Trecco Bay Swell Statistics, Spring: All Swell – Any Wind
This image illustrates the variation of swells directed at Trecco Bay through an average northern hemisphere spring. It is based on 6579 NWW3 model predictions since 2007 (values every 3 hours). The wave model does not forecast surf and wind right at the coastline so we have chosen the best grid node based on what we know about Trecco Bay. In the case of Trecco Bay, the best grid node is 22 km away (14 miles).
The rose diagram shows the distribution of swell sizes and directions, while the graph at the bottom shows the same thing but lacks direction information. Five colours show increasing wave sizes. The smallest swells, less than 0.5m (1.5 feet), high are coloured blue. These happened 35% of the time. Green and yellow represent increasing swell sizes and red represents largest swells greater than >3m (>10ft). In each graph, the area of any colour is proportional to how commonly that size swell occurs.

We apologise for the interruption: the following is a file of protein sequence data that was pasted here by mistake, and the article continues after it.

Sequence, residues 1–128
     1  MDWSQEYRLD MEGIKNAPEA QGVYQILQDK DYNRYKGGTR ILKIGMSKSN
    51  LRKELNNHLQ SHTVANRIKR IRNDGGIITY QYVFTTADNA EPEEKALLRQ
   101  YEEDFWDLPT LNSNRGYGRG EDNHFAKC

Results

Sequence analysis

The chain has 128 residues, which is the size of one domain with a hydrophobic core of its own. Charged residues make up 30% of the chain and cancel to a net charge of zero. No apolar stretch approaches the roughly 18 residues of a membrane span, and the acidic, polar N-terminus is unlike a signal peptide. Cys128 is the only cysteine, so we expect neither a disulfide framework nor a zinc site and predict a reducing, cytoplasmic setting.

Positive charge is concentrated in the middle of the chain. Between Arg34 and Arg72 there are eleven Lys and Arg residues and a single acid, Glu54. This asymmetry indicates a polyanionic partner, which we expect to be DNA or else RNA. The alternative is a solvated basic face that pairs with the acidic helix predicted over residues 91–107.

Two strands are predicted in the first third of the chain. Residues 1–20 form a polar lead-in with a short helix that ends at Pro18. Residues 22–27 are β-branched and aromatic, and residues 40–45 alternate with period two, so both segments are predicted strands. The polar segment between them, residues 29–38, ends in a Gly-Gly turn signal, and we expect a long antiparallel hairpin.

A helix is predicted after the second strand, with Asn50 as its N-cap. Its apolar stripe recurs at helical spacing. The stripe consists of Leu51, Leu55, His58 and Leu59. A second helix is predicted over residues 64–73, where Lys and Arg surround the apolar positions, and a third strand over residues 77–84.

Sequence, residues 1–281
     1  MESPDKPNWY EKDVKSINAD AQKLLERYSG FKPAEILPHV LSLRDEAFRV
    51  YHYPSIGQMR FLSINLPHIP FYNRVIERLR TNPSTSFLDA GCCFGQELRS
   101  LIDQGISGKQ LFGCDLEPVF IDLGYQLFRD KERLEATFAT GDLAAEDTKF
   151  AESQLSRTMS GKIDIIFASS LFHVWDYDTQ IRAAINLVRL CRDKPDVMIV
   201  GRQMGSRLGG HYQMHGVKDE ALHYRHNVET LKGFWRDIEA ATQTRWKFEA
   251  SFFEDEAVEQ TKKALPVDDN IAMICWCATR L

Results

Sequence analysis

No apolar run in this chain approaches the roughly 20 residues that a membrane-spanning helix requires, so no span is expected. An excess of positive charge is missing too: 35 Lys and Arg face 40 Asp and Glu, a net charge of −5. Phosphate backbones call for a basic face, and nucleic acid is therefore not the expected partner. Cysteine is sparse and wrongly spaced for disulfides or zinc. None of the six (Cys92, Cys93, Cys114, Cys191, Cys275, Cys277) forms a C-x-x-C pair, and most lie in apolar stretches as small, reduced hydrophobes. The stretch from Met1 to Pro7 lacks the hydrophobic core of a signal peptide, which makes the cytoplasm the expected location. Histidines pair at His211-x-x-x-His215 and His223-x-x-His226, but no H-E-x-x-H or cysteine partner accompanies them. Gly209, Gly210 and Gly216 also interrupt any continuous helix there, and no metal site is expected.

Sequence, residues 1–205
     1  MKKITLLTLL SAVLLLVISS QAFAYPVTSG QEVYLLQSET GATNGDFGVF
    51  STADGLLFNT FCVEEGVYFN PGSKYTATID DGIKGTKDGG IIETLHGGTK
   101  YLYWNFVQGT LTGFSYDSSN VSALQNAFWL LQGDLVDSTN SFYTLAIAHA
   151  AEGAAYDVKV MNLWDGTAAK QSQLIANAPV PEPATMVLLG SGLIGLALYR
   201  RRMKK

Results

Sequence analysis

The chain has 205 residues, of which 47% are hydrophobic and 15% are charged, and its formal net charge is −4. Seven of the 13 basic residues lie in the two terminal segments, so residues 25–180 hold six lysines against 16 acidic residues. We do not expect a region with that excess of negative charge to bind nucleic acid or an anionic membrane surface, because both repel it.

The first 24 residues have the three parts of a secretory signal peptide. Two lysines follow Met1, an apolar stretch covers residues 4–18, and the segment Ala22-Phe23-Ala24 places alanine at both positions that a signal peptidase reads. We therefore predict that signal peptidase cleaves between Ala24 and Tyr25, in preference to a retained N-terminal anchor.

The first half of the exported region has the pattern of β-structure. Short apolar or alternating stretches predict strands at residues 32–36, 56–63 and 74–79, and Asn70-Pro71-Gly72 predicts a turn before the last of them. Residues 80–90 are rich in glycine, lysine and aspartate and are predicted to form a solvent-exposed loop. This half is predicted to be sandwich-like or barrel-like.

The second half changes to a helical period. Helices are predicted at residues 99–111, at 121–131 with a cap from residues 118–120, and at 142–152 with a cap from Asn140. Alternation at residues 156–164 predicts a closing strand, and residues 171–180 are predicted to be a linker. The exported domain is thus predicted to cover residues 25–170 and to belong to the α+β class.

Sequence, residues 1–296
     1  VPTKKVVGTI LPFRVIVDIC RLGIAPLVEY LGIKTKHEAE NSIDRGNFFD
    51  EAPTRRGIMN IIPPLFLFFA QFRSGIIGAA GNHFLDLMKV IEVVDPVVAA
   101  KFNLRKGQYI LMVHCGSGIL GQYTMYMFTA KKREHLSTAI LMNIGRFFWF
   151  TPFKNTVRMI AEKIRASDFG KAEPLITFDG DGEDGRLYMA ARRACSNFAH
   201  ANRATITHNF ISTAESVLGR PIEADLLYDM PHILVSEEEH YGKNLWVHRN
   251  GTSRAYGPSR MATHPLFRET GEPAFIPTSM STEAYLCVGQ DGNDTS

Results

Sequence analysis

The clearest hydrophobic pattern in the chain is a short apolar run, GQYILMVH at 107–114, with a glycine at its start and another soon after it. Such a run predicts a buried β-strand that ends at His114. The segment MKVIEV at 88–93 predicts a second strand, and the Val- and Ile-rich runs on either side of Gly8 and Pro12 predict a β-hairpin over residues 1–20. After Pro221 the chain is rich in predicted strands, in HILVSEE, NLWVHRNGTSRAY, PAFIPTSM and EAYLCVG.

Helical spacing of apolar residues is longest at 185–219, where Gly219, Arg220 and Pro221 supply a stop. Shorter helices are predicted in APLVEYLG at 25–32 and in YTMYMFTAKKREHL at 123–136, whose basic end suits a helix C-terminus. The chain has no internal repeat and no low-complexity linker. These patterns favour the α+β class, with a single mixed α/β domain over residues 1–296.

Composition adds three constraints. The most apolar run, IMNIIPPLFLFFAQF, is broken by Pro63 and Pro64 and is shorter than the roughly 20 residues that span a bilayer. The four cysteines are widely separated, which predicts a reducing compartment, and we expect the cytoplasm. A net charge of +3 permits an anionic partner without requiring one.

The diagram implies that the prevailing swell direction, shown by the longest spokes, was WSW, whereas the the most common wind blows from the W. Because the wave model grid is away from the coast, sometimes a strong offshore wind blows largest waves away from Trecco Bay and out to sea. We group these with the no surf category of the bar chart. To keep it simple we don't show these in the rose graph. Because wind determines whether or not waves are surfable at Trecco Bay, you can view an alternative image that shows only the swells that were expected to coincide with glassy or offshore wind conditions. In a typical northern hemisphere spring, swells large enough to cause good for surfing waves at Trecco Bay run for about 20% of the time.
IMPORTANT: Beta version feature! Swell heights are open water values from NWW3. There is no attempt to model near-shore effects. Coastal wave heights will generally be less, especially if the break does not have unobstructed exposure to the open ocean.